The End of Poverty

‘The End of Poverty?’ is an essential film which takes an uncomfortable look at the root causes of ‘global poverty’ and points the finger squarely at the wealthy Northern hemisphere. Fundamentally, it describes the problem as man-made – our economic system has relied and continues to rely on the continued exploitation of the world’s poor and at the core of the issue is economic justice. It’s all-too-rare to hear this when poverty, particularly in the ‘Third World’ (a difficult term, certainly) is discussed – we’re encouraged less to think about why these countries continue to suffer extreme poverty and more to see them as fundamentally broken. They’re poor because they are, essentially. Yet as one person observes in the film, in stark contrast to the favoured narrative of the ‘First World’ sending aid to the Third, what we have actually seen (and continue to see) is a massive transfer of wealth in the opposite direction. Our wealth is largely predicated on their poverty. We aren’t going to solve this by signing petitions, buying Fair Trade produce or giving more aid (which isn’t to say these things are pointless) but rather only by challenging the “power and structural violence” which dictates the (abusive) relationship. As the film makes clear, the First World countries have no qualms about interfering when democratically-elected leaders in South threaten their wealth and interests; more, they demonstrate stark hypocrisy in making the right noises about aid and ‘reform’ while institutions like the IMF and World Bank continue to exacerbate the problem behind the scenes. As War on Want noted, Cameron has been trumpeting his actions in tackling poverty which increasing it both at home and abroad, intervening on behalf of multinationals to strengthen their stranglehold over global food production. 

War on Want is one of the only organisations I’ve come across which addresses these issues at their political roots and, as such, I whole-heartedly recommend it. More, one of its central tenets is that it works in partnership with those affected. This is one of the best aspects of the film above – it may be voiced by Martin Sheen but its running time is overwhelmingly taken up by discussion with the residents, workers and leaders of Third World countries. It’s definitely worth your time.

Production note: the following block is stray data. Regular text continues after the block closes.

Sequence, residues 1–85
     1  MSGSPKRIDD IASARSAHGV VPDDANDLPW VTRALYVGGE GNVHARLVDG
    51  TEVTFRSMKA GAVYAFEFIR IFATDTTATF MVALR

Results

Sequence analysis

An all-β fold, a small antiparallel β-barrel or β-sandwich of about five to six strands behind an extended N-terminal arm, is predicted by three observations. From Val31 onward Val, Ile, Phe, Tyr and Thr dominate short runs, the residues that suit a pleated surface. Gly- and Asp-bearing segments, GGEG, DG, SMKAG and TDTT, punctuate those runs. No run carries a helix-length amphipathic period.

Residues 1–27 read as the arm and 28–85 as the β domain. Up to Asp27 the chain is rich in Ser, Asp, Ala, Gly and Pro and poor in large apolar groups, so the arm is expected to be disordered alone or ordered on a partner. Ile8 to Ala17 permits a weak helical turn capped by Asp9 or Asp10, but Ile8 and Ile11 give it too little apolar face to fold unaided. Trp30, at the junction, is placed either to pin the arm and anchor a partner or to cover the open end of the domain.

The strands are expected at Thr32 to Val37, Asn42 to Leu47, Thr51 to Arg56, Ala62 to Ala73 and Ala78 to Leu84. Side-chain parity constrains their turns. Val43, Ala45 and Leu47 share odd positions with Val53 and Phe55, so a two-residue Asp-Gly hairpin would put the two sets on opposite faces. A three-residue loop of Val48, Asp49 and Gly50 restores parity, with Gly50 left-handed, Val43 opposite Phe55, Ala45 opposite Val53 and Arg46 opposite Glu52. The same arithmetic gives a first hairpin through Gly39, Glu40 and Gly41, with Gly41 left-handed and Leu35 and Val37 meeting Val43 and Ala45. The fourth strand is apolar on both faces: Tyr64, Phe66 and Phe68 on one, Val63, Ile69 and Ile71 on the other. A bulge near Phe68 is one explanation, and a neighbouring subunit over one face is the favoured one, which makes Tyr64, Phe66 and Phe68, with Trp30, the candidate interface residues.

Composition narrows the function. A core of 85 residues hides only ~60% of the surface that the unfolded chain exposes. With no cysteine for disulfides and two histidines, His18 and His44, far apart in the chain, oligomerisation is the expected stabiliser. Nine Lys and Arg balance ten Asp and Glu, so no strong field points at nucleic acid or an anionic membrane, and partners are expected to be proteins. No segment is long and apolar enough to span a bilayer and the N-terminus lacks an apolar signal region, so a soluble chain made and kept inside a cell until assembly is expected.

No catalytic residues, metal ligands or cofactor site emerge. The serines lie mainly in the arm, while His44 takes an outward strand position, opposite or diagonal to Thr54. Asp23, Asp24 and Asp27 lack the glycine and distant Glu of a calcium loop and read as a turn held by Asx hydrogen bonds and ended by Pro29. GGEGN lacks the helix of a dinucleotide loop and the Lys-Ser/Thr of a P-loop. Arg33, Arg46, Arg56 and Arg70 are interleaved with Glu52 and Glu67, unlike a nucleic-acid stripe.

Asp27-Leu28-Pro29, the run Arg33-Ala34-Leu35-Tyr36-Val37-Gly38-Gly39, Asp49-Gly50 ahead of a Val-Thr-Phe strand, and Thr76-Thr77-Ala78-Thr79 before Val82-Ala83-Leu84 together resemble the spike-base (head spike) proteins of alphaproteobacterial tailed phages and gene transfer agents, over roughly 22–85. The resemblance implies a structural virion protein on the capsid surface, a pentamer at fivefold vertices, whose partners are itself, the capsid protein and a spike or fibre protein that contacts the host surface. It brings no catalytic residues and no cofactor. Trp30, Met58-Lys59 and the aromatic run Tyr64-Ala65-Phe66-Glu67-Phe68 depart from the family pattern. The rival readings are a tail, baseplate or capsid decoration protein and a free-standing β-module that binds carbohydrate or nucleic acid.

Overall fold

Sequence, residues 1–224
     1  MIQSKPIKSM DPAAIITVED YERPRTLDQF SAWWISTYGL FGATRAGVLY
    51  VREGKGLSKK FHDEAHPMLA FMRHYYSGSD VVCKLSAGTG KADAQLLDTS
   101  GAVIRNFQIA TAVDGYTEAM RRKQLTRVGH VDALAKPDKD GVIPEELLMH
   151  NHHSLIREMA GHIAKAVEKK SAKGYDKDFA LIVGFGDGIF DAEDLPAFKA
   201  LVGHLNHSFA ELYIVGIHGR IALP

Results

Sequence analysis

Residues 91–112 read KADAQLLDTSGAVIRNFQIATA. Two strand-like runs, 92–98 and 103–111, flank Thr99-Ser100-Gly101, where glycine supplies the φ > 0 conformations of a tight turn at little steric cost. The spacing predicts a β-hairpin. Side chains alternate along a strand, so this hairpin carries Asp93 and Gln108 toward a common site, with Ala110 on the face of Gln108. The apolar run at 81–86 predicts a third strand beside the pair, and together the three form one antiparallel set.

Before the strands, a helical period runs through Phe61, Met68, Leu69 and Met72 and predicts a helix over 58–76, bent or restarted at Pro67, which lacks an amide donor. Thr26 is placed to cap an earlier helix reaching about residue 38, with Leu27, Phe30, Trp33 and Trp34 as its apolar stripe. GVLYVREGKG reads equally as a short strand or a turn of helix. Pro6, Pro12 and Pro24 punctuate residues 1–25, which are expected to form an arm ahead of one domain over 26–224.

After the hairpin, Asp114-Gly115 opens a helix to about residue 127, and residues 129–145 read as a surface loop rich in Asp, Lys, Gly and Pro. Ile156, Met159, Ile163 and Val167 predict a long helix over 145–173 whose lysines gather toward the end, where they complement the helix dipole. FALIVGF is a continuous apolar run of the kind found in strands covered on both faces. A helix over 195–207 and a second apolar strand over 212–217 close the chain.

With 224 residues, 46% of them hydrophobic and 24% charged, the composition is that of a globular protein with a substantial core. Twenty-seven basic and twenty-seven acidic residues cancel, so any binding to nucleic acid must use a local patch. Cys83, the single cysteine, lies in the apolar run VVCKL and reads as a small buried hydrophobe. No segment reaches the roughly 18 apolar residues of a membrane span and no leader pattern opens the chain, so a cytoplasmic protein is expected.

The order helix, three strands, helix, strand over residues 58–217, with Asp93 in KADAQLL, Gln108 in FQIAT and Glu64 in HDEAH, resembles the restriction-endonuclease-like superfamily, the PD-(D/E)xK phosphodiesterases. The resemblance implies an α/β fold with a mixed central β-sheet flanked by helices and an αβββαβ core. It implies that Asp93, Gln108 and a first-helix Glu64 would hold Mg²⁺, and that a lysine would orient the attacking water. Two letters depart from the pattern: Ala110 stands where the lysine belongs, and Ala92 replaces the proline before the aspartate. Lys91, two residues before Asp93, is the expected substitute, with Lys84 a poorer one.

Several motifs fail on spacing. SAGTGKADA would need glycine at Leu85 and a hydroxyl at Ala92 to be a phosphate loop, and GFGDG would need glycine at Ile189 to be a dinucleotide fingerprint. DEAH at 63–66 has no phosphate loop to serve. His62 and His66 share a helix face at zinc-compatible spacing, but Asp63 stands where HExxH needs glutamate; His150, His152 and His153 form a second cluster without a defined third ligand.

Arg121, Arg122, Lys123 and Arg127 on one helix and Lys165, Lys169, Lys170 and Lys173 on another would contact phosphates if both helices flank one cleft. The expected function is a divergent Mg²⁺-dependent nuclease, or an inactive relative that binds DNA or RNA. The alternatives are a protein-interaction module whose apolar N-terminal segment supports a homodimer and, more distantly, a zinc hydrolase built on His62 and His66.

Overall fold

We always want to believe in the ‘quick fix’ and critical thinking is so frayed that anyone being seen to ‘do good’ is invariably taken to be altruistic. This is how we as societies can live with our reliance on brutal exploitation  – as the narration states here, “our economic system is, and always has been, financed by the world’s poor”. Yet economic justice requires uncomfortable changes to our lives and accepting the fallacy of the notion that we can keep consuming as we do while slowly ‘raising’ those in extreme poverty to these levels. It’s similar to the issue of global warming, which continues to be presented to us as solvable by re-using plastic bags when, again, it’s our inhumane economic system which is at the root of the issue. I’m no better than most in these aspects but if we truly want anything to change, we’re going to have to start addressing that at a societal level.

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